How do noninvasive technologies compare to cosmetic surgery procedures?

Noninvasive procedures capable of improving our appearance have obvious appeal. These procedures are associated with minimal to no downtime, and minimal or no anesthesia. By contrast, surgery is associated with at least some recovery or downtime and either local or general anesthesia.

For many people, a noninvasive procedure is the most sensible option. Before undergoing a noninvasive procedure, however, there are some things you should consider. First, even noninvasive procedures can be associated with some downtime, discomfort or side effects. Second, noninvasive procedures may require several rounds of treatment to achieve their effect. The cumulative downtime and cost of multiple noninvasive procedures may be more of a burden than surgery. Also, surgery normally offers longer-lasting and more noticeable results than noninvasive alternatives. Unlike surgery, new machines, technologies and drugs produced by industry much more heavily influence noninvasive cosmetic procedures. 

For a noninvasive procedure to be effective, it needs to alter the body in some way. So, even though surgery is not technically involved, the body is still affected. For example, Botox temporarily paralyzes a muscle to obtain its effect. Dermabrasion, chemical peels and lasers damage specific cells or pigments in the skin to exert their effects, while several effective fillers induce the body to produce collagen. Machines that freeze the fat tissue, or shine ultrasonic or light energy at the skin, are intended to destroy fat cells. So while none of these techniques are surgery, all of them selectively damage or alter the body in a modest way to obtain a cosmetic result. As such, they can still be associated with swelling, bruising and pain.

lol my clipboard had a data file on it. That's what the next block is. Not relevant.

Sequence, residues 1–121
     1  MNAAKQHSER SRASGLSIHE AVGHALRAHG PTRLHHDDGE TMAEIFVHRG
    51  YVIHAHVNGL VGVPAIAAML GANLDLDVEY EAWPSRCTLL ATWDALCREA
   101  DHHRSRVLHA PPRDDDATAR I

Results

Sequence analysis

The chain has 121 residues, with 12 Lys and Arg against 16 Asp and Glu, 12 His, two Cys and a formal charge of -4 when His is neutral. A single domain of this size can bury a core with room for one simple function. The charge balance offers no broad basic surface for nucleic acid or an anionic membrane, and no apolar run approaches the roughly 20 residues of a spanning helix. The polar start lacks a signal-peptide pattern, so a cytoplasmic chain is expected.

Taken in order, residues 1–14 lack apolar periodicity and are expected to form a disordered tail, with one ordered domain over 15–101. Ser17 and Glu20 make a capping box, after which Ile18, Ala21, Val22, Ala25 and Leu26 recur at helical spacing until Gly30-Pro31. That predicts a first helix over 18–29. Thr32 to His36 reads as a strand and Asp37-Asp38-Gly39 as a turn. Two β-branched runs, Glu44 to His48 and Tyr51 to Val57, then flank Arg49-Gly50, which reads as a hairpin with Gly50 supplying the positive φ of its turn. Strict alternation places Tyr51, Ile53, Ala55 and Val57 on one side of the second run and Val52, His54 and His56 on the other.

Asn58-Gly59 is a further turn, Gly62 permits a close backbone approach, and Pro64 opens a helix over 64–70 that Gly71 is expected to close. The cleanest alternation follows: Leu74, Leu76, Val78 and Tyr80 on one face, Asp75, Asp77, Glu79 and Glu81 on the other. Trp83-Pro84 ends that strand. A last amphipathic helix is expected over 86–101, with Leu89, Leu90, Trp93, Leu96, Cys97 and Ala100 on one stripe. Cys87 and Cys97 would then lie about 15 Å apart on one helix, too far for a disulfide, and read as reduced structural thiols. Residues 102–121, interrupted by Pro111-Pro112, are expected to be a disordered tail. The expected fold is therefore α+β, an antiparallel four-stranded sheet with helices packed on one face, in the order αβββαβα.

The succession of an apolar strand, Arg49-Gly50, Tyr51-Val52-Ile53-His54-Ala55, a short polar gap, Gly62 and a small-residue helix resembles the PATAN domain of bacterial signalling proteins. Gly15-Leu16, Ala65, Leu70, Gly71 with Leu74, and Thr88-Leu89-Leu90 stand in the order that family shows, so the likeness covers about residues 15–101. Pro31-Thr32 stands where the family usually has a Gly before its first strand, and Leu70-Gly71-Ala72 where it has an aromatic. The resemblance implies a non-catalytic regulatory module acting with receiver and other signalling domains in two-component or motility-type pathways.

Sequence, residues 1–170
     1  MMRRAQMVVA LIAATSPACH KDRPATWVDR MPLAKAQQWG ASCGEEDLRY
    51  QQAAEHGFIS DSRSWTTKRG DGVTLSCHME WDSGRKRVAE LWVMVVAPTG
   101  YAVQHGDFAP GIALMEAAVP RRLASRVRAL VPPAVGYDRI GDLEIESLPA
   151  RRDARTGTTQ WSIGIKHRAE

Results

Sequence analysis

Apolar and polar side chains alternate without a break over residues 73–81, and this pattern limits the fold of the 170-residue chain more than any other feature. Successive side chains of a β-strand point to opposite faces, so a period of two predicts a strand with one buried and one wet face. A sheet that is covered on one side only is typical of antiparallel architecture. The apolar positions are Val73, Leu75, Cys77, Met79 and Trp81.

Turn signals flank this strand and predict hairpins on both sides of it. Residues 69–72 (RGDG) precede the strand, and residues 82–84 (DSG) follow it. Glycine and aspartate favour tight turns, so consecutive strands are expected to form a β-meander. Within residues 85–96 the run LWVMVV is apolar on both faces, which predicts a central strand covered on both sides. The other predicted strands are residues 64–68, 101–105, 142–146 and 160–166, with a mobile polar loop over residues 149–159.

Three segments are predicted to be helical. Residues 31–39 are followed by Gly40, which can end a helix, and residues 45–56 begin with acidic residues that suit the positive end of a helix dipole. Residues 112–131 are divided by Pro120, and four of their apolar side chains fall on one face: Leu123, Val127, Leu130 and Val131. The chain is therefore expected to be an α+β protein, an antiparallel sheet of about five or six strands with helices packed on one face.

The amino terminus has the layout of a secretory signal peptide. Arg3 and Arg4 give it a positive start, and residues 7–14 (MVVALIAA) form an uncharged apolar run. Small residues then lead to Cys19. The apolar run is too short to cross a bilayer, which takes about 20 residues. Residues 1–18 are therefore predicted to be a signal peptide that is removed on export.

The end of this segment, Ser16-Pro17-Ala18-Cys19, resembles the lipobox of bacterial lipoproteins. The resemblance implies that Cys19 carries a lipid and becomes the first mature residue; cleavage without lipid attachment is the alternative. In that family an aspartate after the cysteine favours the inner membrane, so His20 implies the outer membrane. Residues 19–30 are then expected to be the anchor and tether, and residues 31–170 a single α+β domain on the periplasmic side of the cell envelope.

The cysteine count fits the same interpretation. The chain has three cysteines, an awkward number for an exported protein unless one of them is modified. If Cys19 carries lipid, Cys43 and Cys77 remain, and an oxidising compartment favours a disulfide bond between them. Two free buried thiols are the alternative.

Since noninvasive techniques tend to be gentler than surgery, they often require multiple rounds of treatment to get a result. Some nonablative resurfacing lasers, for example, have very little associated downtime but may require 6 or more treatments to achieve results that are still inferior to a single treatment with a laser associated with a longer downtime. The cumulative downtime and cost of several treatments may be far longer than a single surgical treatment.

Noninvasive procedures may be offered by non-plastic surgeons, and often by medical practitioners, who are not associated with a board-certified plastic surgeon. The effectiveness of these devices and drugs, then, tends to be more focused on the technology rather than the experience, technique and training of the provider. In many cases, technologies that are marketed heavily one year are abandoned for the “next best thing” a year or two later. This rapid turnover would suggest that these technologies seldom provide what they are marketed to deliver.

There is no doubt that the development and evaluation of newer technologies will continue to increase the safety and efficacy of cosmetic procedures while reducing their cost and downtime. In many cases, a noninvasive procedure can be an appropriate choice for a patient seeking a cosmetic improvement. However, it is important for the patient to understand the limitations and side effect profile of any noninvasive procedure.

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